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At the White House, As Goes the Budget, So Goes the Polls At the White House, As Goes the Budget, So Goes the Polls

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The Cook Report

At the White House, As Goes the Budget, So Goes the Polls

Voters blame Republicans for the sequester, but Obama is feeling the pain, too.

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Watching the polls: Obama and congressional leaders. (AP Photo/J. Scott Applewhite)

Just as I was about to file a column noting that President Obama’s job-approval rating had dropped to 46 percent for two consecutive days in the Gallup Poll—its lowest levels since late October—his rating popped back up 3 percentage points to 49 percent. That’s still below the 52 percent that he averaged over the first eight weeks of the year, but a 3-point drop is a good bit less than a 6-point drop.

During periods of unusually high political turbulence, instability in poll numbers is common. Sometimes when a lot is happening and voters are not sure what to think, their poll responses can reflect the impression they got from a television news story an hour before the pollster called or from a newspaper article or headline they read that morning. Their response today might be different from the one they would have given yesterday or the one they might give tomorrow. In such times, numbers bounce around a lot, so drawing conclusions from the results of one or even two polls is risky—as I almost learned again for the millionth time.

 

The early suspicion that Washington’s inability to head off budget sequestration would hurt both sides is still a very reasonable one, although the circumstances differ for each party. When pollsters ask respondents about approval/disapproval or favorable/unfavorable opinions of Congress overall, of the Republican Party, or of “Republicans in Congress,” the numbers start so low they have little room to drop. Recent numbers for the Democratic Party or “Democrats in Congress” have been mediocre at best but are still better than Republicans’, so they have more room to fall. Obama’s postelection numbers have been running about normal for presidents at this stage; his approval rating had been as high as 53 percent, with a disapproval rating of 40 percent, as recently as Feb. 24-26, but that was something of a spike.

Averages of all the polls compiled by RealClearPolitics show a gradual decline in Obama’s job approval since the first of the year, while the rival Huffington Post’s Pollster.com has his numbers very stable since the beginning of 2013. Because this is not an election year, fewer polls are being conducted. The most recent readings are coming from either the Gallup Organization or Rasmussen Reports’ nightly tracking.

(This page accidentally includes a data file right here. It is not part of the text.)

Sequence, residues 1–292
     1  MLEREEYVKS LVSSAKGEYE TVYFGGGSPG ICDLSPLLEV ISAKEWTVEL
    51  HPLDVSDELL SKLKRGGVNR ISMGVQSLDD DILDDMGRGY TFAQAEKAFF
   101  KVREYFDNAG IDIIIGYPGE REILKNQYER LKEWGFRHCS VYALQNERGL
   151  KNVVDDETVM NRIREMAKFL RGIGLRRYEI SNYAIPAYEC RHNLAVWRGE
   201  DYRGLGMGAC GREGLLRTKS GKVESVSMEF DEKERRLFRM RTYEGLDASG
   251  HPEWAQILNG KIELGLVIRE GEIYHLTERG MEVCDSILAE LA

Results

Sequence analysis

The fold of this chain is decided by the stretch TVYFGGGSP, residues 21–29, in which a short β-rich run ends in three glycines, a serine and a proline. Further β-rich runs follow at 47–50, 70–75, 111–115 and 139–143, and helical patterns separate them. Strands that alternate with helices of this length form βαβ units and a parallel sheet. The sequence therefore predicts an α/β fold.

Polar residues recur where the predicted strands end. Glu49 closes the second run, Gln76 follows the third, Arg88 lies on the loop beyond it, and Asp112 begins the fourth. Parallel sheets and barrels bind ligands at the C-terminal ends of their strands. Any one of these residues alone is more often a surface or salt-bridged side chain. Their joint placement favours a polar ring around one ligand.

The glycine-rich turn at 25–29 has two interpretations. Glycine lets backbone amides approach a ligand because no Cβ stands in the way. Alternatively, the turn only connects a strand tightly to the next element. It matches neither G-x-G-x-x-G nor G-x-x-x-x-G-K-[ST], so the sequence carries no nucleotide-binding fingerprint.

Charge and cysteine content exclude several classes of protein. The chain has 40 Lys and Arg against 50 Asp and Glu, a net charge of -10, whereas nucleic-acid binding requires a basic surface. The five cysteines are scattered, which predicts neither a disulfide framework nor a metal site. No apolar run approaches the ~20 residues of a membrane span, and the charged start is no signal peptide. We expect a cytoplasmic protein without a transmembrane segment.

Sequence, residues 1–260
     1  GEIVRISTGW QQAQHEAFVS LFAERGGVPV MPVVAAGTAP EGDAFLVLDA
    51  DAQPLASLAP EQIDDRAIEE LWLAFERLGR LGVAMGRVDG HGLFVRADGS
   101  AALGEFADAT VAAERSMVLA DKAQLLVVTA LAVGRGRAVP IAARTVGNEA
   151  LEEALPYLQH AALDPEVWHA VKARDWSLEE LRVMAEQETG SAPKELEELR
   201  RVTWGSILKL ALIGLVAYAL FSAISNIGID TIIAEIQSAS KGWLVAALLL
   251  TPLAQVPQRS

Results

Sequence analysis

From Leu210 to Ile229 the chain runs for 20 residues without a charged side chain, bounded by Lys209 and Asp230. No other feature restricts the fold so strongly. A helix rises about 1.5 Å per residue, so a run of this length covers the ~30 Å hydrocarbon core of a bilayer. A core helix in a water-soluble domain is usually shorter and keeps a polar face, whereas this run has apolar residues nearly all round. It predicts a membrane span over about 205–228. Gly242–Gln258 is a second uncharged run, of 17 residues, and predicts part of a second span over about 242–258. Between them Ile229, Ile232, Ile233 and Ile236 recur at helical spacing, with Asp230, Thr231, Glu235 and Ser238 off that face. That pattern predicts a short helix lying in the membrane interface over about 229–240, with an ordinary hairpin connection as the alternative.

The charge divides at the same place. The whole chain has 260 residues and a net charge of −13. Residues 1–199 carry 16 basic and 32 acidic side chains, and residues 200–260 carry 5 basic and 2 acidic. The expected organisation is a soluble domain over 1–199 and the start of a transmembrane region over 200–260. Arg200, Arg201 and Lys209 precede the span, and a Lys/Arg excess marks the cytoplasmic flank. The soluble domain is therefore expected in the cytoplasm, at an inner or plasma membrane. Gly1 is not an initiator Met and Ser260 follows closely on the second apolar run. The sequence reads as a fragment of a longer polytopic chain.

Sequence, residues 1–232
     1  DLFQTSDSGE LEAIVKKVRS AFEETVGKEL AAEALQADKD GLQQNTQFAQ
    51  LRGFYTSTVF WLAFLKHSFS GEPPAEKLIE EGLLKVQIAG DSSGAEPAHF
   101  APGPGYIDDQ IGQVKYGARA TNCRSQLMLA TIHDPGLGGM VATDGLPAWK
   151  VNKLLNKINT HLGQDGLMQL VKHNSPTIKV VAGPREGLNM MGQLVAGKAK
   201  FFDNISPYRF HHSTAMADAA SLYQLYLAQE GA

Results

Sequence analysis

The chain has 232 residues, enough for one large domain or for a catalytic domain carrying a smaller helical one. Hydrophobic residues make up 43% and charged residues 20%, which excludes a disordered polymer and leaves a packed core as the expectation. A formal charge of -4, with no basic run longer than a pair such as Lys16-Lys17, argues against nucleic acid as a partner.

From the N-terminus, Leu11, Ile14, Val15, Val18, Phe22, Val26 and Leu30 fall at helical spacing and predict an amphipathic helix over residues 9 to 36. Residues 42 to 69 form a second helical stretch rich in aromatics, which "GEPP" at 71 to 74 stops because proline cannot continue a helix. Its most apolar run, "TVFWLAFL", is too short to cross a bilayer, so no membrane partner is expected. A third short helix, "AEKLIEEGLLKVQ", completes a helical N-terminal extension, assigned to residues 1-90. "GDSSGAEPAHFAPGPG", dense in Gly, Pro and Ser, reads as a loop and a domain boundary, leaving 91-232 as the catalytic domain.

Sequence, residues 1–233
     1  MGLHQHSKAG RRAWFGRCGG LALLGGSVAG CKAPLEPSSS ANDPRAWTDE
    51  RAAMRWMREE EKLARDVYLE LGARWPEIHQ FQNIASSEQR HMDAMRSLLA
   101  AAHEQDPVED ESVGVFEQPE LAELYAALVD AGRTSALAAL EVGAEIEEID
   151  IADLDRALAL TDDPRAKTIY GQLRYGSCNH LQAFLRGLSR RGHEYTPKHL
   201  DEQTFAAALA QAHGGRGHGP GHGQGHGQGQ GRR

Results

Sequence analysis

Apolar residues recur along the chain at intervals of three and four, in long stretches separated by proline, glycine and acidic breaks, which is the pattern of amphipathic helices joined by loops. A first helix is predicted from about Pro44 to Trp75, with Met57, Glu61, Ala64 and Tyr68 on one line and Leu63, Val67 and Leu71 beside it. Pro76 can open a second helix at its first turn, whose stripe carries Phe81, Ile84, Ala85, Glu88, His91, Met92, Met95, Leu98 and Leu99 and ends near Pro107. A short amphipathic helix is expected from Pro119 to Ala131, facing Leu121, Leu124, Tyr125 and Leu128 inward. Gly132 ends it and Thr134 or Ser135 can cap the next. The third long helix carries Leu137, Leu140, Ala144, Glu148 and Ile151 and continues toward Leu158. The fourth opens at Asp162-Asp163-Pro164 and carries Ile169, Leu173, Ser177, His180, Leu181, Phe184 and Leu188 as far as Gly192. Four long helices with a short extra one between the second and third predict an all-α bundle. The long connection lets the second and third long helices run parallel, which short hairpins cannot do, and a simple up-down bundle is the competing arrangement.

Still, the widespread assumption that sequestration will produce no winners, only losers, will probably turn out to be accurate. To be sure, there is no federal election in the immediate future where Washington’s dysfunction is likely to be a huge factor. Neither the Massachusetts special election to fill Secretary of State John Kerry’s Senate seat nor the South Carolina special election to fill Sen. Tim Scott’s House seat is likely to turn on sequestration or D.C. politics.

 

But elected officials are political animals, constantly evaluating their personal standing and their party’s standing with the public, especially relative to others. To the extent there is fallout, it will be noticed. As a practical matter, relatively few members of Congress are in any real danger of losing reelection, My experience is, however, that elected officials are far more likely to be paranoid than overly complacent.

As we prepare to enter the second week of sequestration, few Americans have felt any pain or even inconvenience yet, although that will probably change a few weeks from now. Obama has stepped up phone calls to Republican members of Congress, putting out feelers but apparently not getting a lot of positive feedback. As part of the outreach, he hosted a White House dinner with select Republican senators on Wednesday night. In the GOP, many feel that Obama fundamentally misunderstands where conservatives are coming from. He wants to tie tax reform to entitlement reform, for example, assuming that conservatives want tax reform so badly that they’ll go for a deal that raises net revenues in exchange for some entitlement reform such as means-testing. Whether Republicans—specifically, the more conservative members of Congress—would have gone along with that before the year-end fiscal-cliff fight is debatable. But coming out of the tax increases generated by that fight, it is less likely now. As one well-connected Republican insider concluded after a discussion of where things stand in Washington, “This is really a screwed-up situation.”

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